“It helps us to get to know them better, and it helps them get to know themselves better,” she says.

This interest in photography is something that, according to Morgan, comes from the way the art form has allowed those who take part in the programming to “explore the world around them a little bit differently, (and) to tell their story a little bit differently.”

Bringing cameras to youth centers and teaching workshops are not the only services the organization offers. There’s also an element of mentorship. To a certain degree, working with the youth on their photography skills serves as the important first step in building a bridge to understanding some of the issues they’re working through.

“We’re not social workers, but we direct people to avenues where they’ll maybe be well taken care of,” Morgan says. “One of the next steps of the photography program is to act as a navigation service and help people reach other resources that they would need.”

Volunteer Patrick Michaud is one example of how the program can help point people in the right direction.

“My first involvement with Kids4Cameras was actually as a Kids 4 Camera,” says Michaud.

It all started when Bos lent Michaud a camera.

“When I returned the camera, (Bos) said, ‘That’s pretty much this organization I’m starting.’” Michaud says Bos planned to put cameras in the hands of kids who, like himself, had no other means of gaining access to them.

Michaud believes the presence of organizations like Kids4Cameras can’t be understated, given his own experience as an at-risk youth. His background has allowed him to identify and recognize problems some kids may be facing, and to realize how empowering the medium can be to someone facing these problems.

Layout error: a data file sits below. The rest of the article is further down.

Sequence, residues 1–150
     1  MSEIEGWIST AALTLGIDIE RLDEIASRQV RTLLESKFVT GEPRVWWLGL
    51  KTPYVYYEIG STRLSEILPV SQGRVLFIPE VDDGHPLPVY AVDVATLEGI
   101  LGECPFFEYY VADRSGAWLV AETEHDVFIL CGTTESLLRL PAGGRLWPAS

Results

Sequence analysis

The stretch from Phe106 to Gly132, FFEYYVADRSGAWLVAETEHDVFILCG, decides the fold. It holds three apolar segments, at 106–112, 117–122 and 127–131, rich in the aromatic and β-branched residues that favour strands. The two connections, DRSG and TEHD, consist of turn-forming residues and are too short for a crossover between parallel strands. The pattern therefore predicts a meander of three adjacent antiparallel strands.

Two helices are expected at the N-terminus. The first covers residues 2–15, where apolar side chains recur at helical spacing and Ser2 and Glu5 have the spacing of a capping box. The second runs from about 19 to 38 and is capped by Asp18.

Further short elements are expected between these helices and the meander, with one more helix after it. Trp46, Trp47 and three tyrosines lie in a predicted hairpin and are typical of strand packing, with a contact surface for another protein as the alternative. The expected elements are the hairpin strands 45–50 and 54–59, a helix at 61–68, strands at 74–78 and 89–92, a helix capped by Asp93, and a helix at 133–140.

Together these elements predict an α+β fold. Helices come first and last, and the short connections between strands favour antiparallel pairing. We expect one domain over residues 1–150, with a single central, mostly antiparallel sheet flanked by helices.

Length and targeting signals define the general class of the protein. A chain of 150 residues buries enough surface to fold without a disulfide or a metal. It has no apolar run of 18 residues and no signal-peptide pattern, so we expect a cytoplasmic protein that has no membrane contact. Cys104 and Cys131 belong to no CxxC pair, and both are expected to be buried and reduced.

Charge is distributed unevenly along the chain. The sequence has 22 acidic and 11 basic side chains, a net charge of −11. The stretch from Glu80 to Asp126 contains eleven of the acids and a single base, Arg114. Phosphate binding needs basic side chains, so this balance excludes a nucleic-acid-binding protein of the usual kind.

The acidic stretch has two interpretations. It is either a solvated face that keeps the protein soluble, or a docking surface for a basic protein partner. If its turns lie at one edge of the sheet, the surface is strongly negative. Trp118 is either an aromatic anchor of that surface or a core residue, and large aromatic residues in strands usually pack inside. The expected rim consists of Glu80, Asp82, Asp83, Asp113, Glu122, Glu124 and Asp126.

“To give (youth) something that gives them a voice, and gives them a reason to pursue art or pursue something greater than themselves – greater than the situation they find themselves in – is something that I think is vital to the society that we live in,” Michaud says.


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Photo by Josh.

Like many other up-and-coming organizations, Kids4Cameras has a few snares to overcome.

Morgan says the largest challenge she and her team face is too high a demand. Due to the program’s success, more boots on the ground are needed to keep up with the calls from youth centers around the city. For those who are interested in helping, though, Morgan says there are multiple ways of doing so.

“We’re always looking for new partners, and we’re always looking for volunteers in a variety of different ways,” she says.

“Whether you’re a photographer, or whether you’re into curating art shows, or whatever it might be … we’re very open to everything.”

Michaud has similar thoughts on the matter. “We don’t have enough cameras for our kids,” he says.

He explains that, for those who are willing to give up their old or unused cameras, the organization is more than happy to take them. To people who decide to help out in this way, Michaud wants it to be known exactly where the old cameras are headed: “You’re giving it to be put in the hands of a child.”

If there’s anything that can be taken away from the existence of organizations such as Kids4Cameras, it’s this: sometimes, all it takes to keep a kid out of trouble is a tool for personal expression and a listening ear to let them know they’re being heard.


All photography supplied by Kids4Cameras. Cover photo by Michael.